eBay, says Bradford Shellhamer, the company’s head of engagement, wants to be the “heavy metal-loving, yogi, OSU fan’s favorite store.” It also wants to be yours. And with a new feature called Interests, it aims to be better at helping you find the products that match your passions.
With over 1.1 billion items in almost every imaginable category–offered by everybody from Target, Barnes & Noble, and Neiman Marcus to individual sellers–shopping on the venerable marketplace can be overwhelming, an issue the company acknowledges and has long sought to fix. Interests is designed to take advantage of the site’s unique inventory from smaller merchants, such as antiques, niche collectibles, and designer clothing items that are unavailable on rival sites such as Amazon.
To use the feature, shoppers fill out a short questionnaire covering a few categories, clicking on favorite topics in categories such as hobbies, sports teams, and styles. eBay then combines that information with data from previous searches to generate tailored product recommendations specific to each customer, cutting across shopping categories.
With this new initiative, eBay aims to identify patterns and trends that go beyond the standard personalization features it’s long offered. “We want to do more than look at what you buy and alert you when something you need is back in stock, or let you know that what you were looking at before is available at a lower price or from a different seller,” says Mohan Patt, VP of buyer experience, who has led buyer experience for 13 years.
As he imagined what eBay could become, Shellhammer looked beyond the retail world to the music industry. For instance, Spotify’s “Discover Weekly” personalized playlists served as an inspiration for Interests. The Interests questionnaire was influenced by the questions Apple Music asks users in order to provide them with the best possible recommendations. “We want you to tell us what you like, let us look at your behavior, and get you into your own personal store,” he says.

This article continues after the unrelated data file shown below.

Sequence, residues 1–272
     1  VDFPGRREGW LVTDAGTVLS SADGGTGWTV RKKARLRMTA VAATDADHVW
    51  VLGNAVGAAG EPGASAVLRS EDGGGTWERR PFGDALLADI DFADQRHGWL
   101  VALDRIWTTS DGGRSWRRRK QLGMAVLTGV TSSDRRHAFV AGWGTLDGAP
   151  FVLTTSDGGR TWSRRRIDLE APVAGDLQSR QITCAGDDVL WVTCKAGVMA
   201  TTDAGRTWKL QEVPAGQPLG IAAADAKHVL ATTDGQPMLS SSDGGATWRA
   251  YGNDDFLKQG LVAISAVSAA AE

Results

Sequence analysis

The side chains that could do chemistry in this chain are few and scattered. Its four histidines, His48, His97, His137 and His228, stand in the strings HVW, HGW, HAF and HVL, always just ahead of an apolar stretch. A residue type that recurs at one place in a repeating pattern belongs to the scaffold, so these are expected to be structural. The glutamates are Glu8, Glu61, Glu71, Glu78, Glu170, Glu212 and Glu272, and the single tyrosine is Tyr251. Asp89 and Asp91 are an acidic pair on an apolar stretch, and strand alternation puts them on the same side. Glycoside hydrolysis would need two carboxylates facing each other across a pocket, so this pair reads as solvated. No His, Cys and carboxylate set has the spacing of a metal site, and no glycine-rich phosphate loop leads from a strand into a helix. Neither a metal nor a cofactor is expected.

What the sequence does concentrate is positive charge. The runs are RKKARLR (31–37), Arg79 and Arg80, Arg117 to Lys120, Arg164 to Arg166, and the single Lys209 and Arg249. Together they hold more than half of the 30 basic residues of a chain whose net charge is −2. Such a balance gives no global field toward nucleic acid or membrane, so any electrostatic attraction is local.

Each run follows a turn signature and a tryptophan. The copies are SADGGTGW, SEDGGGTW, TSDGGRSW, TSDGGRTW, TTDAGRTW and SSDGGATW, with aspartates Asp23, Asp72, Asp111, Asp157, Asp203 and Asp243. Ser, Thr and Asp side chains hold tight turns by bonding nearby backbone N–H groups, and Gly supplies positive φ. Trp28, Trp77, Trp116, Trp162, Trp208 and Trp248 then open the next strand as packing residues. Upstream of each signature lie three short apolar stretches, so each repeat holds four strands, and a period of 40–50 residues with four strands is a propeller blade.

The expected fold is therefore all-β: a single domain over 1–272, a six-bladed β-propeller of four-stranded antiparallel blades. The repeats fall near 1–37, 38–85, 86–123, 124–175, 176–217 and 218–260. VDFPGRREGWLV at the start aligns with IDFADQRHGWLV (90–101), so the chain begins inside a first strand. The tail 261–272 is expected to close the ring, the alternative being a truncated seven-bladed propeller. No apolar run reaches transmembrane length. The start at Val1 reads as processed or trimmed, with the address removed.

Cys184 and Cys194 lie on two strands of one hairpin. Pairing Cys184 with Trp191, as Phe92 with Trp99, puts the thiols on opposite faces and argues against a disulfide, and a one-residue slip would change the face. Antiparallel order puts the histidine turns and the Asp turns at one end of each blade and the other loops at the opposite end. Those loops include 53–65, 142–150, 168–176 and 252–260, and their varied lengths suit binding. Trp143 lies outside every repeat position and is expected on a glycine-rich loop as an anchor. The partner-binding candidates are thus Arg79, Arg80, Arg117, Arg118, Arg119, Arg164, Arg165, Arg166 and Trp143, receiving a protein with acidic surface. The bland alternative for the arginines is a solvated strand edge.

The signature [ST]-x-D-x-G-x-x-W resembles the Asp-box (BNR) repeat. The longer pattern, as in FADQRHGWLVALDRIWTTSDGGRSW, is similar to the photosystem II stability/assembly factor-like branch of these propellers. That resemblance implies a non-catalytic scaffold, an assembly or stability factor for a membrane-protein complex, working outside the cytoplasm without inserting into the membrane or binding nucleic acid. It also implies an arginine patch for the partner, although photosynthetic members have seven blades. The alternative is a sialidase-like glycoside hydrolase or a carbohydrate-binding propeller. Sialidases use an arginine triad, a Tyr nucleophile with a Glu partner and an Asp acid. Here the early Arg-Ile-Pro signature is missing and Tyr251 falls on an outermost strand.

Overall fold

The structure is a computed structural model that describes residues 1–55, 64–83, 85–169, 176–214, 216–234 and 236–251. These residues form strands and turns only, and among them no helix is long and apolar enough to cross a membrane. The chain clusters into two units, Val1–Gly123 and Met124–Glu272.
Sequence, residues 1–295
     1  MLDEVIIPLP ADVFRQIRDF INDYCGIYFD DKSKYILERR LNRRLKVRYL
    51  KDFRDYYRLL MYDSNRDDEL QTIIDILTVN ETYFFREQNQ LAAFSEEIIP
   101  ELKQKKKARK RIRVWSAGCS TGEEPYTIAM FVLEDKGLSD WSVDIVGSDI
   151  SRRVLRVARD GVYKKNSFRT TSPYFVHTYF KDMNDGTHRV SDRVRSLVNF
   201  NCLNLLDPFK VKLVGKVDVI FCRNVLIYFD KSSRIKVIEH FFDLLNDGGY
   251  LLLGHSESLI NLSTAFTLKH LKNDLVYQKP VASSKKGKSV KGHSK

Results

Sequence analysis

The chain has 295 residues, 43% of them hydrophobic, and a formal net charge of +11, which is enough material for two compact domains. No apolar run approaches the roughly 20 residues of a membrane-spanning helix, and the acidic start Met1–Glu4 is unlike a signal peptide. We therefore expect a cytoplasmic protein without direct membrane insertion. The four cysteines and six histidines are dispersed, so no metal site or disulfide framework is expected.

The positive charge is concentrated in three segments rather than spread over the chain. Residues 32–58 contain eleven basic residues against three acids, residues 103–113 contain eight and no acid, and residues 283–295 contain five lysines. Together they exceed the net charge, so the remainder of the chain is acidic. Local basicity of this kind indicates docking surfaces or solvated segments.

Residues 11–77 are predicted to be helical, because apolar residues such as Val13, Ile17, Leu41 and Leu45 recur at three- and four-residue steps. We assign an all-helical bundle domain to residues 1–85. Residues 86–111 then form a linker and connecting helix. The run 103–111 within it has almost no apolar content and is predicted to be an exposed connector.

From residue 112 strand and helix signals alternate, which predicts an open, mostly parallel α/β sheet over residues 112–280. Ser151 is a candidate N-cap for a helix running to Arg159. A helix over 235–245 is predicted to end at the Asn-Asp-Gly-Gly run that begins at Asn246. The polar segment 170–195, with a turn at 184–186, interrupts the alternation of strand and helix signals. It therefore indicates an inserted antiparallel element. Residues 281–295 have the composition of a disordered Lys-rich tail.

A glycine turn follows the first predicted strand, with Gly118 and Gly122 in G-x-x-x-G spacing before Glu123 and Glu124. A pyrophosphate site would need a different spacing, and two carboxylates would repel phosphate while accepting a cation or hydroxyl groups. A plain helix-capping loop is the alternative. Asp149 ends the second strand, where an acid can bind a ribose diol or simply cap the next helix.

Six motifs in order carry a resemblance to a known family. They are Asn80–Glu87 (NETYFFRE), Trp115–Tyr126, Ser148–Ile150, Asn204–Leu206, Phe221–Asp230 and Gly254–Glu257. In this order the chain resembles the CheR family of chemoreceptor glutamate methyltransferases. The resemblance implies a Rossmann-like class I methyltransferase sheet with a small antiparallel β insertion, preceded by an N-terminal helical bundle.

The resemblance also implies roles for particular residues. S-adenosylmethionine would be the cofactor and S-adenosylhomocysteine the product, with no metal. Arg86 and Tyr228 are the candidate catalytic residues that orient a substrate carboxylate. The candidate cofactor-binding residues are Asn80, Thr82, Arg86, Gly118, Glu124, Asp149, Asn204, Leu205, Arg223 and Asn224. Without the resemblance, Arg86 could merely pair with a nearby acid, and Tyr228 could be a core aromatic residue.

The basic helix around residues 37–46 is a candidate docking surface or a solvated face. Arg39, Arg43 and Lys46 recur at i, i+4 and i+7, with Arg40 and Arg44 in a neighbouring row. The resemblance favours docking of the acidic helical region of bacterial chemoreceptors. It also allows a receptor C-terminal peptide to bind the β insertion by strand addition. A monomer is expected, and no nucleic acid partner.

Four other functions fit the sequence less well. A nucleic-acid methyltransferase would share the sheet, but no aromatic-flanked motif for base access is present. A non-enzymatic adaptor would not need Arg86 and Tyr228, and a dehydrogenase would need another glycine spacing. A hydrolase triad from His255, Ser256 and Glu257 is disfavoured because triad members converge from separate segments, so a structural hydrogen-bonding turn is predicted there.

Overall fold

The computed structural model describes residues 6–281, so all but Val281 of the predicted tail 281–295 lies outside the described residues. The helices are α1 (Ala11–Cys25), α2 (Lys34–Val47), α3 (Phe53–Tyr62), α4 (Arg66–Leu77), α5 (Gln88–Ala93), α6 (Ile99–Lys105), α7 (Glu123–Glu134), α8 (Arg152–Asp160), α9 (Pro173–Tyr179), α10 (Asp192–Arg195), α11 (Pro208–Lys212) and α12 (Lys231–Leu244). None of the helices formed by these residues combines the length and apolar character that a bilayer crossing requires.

When I fed my own interests into eBay’s new feature–such as running, alternative music, and baseball–the site built my personal store. Most selections were spot on: a pair of sky blue loafers (apparently found based on my “denim” interest), trail running shoes, and a Houston Astros hat were all items I would consider purchasing. However, a few selections–like a Taylor Swift vinyl album and an off-brand imitation of a Cult Gaia bag–were a little off. Shellhammer explained that the algorithm would refine its suggestions over time based on factors such as what I search for.
“Everyone’s a little weird”
Asked what he learned working on Fab.com, a design-focused e-commerce site that sold in 2015 for a fraction of its peak value, Shellhammer says that he “realized that taste doesn’t scale–Fab was based on tastemakers making decisions for you, but I realized that it shouldn’t be about me. What we sell on eBay is not a founder’s vision . . . It’s the user’s vision.”
eBay started out as an auction site selling all types of goods to all kinds of people, and historically it was less strategic about using data to power customer experience than Amazon, which began as a bookseller, strategically planned which verticals to grow into, and harnessed data from customers at every step of their journey. After spinning out PayPal three years ago, eBay has doubled down on its personalization efforts, investing heavily in AI and image recognition technology to improve the site’s shopping experience and attract new customers.
The company has already rolled out an image search tool and an AI personal-shopping concierge for Facebook Messenger. Recommendations started out relying heavily on looking at what users had recently bought; now previous purchases are just one piece of the puzzle as eBay factors in other information, such as location, and tailors product discovery more specifically to individual shoppers.
“We think it’s a question of getting people to walk into the right store,” says Shellhammer. “Everyone’s a little weird, and we want a store that caters to that.”